People in the tech world don't just want to make something of their careers. They want to make something new. That's why an innovative culture remains essential for attracting employees with the skills that bring new technologies to life. At the same time, the most respected employers in this sector know their growth depends on the development of all team members to their fullest creative potential.
In 2017, that takes more than a break-room kegerator or an office dodgeball league. Many job candidates have long grown accustomed to the lavish perks that once turned heads at large tech headquarters. At the Best Workplaces in Technology--recently announced by consulting firm Great Place to Work and Fortune--robust benefits complement deeper organizational values that prioritize employee support and development. People working for the winning businesses, for example, were more likely than those at peer companies to say they're offered training and other opportunities to enrich their careers. They were also more likely to say they feel good about the ways their organizations contribute to the community.
"Technology professionals look for employers that create value and do good things in the world beyond their doors," said Kim Peters, executive vice president at Great Place to Work. "Team members at the Best Workplaces can count on their leaders to recognize individual contributions toward shared goals and values. For example, 90% of employees at the Best Workplaces, on average, agree their managers show appreciation for good work and extra effort."
That type of positive feedback helps cultivate organizations that inspire people to expand on their skills and ideas. Zillow, for instance, hosts quarterly Innovation Weeks, when employees take time away from their normal work to explore new professional interests or craft tools to improve the organization. "The strong culture centered around core values gives employees the freedom to think big and innovate without the pressure or fear of negative repercussions. We’re encouraged to fix problems, because trying and failing is better than not trying at all," said one Zillow employee.
The Innovation Index
Work environments that foster innovation tend to share a few things in common. An analysis of hundreds of businesses showed that the most innovative consistently inspire employees and encourage a sense of connection to their work. Survey statements assessing these traits form the basis of Great Place to Work's Innovation Index. Employees at organizations with the highest scores on the index were four times more likely to say their teams are willing to give extra at work and eight times more likely to say they want to stay with their companies for a long time. Employees at these businesses suggested their workplaces maximize their professional potential. In fact, 97% of co-workers at innovative companies agreed they've found a great workplace.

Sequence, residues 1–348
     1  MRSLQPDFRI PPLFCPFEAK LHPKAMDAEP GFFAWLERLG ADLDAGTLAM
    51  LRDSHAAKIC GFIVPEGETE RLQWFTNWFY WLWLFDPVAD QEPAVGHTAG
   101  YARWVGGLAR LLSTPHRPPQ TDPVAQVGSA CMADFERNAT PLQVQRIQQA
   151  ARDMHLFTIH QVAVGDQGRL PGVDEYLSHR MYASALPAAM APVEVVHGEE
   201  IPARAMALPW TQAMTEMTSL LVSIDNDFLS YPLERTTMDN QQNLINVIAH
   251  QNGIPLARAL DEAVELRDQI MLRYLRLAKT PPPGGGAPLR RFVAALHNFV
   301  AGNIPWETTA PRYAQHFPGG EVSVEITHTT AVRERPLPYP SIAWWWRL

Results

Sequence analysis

VMware offers just one instance of the Best Workplaces in Technology inspiring team members who work in a fast-changing industry. Said one employee: "The most amazing thing about this company is its ability to transform itself continuously in the face of shifts in the IT landscape, change in executives, or change in internal operating structure. The single thing that matters to this company is that we forge ahead with innovative technologies in order to solve our customers' needs."
The tech industry's struggle to become more inclusive has consequences that reach beyond the experience of individual employees. In the idea economy, businesses risk missing promising solutions or entire markets for their products when they lack voices from diverse backgrounds. Great Place to Work has found that companies where fewer employees report fair treatment in regard to race or gender tend to score lower on measures of innovation, as well. Varied voices and perspectives are among the strengths in evidence at the Best Workplaces in Technology, where minority employees make up 31% of the workforce.
When everyone has a chance for success, anyone holds the possibility of creating the next revolutionary idea, noted Peters. "Our research suggests that workplaces admired by their employees put themselves in a better position to innovate. The nature of technology often leaves businesses with few certainties about their success over the long term. But diverse perspectives and a great place to work for all are among the most valuable assets for staying at the front of an evolving industry."
Sarah Lewis-Kulin and Jessica Rohman are vice president and director of content, respectively, at Great Place to Work, the longtime research partner for Fortune's annual list of the 100 Best Companies to Work For and other best workplaces lists, including the Best Workplaces for Technology.
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